I recently became really passionate about running.
By "recently," I mean as of 2 weeks ago, and by "really passionate about running," I mean that my frothing desire to run is starting to spill over into the rest of my life. Which just so happens to include this blog. I feel like that's as good a reason as any to put it down in ink (pixels?) for consumption by anonymous internet people.
My experience with exercise started when I was 3 years old. My mom took me to a pool, got me a kickboard, and I was set. At age 6, I joined a summer league swim team and until my freshman year in college, I basically swam nonstop (with the exception of that time that I lived in a small town in Kansas that didn't have a swim team). Swimming is great exercise and as a result, I stayed lean and healthy while I kept at it.
As I entered high school, my training intensified and I started to experience what it felt like to push my body as far as it would go. I loved barely being able to pull myself out of the pool because I had spent all my energy in a race. I loved the accomplishment of making it through "hell week", 2 practices totaling 5 hours and 10,000 yards every day for a week (almost a quarter marathon every day for 6 days in a row... swimming.)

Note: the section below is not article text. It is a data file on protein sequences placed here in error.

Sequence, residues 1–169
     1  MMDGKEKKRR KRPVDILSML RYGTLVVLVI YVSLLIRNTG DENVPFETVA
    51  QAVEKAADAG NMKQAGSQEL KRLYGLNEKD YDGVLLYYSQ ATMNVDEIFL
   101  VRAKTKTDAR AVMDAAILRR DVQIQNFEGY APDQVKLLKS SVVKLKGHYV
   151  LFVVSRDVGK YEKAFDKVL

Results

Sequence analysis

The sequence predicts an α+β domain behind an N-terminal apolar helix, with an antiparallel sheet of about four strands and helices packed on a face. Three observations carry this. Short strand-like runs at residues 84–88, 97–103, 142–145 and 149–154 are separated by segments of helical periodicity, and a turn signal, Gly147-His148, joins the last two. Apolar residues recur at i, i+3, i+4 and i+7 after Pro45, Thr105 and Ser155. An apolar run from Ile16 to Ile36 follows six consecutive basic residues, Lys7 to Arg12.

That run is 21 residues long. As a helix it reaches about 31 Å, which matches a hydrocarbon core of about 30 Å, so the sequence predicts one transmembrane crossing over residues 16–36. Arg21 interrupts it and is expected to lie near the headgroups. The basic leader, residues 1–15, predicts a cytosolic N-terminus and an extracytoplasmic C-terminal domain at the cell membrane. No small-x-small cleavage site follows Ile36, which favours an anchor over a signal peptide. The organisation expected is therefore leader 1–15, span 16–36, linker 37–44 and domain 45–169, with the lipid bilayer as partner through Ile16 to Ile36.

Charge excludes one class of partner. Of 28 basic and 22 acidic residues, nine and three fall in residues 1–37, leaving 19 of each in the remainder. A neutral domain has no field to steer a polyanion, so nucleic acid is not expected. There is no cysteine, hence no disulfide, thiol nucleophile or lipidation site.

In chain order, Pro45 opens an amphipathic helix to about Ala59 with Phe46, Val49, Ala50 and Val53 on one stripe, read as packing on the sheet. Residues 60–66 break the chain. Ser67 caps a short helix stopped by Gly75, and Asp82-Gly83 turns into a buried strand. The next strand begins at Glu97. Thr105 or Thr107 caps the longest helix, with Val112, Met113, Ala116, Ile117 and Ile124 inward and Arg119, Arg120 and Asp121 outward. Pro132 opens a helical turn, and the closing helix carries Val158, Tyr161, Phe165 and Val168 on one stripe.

Swimming instilled that sense of accomplishment, satisfaction, and wellbeing that comes after doing something really hard. And don't forget the endorphins that rush through you when you've just kicked your ass for 2 hours. It's easy look back on those days with nostalgia.
When I went off to college, I joined a club swim team with the hopes of one day walking on to the school's team. Shortly thereafter, I was overwhelmed by school work and my newfound personal freedom. I stopped swimming and started partying. My dream of joining the swim team suddenly didn't seem as important. As I started feeling the pressure of my future bearing down on me, I replaced most of the partying with studying. I still swam on my own every now and then, but it was nothing close to the intensity or duration that I was doing in high school. I just didn't have time for it anymore.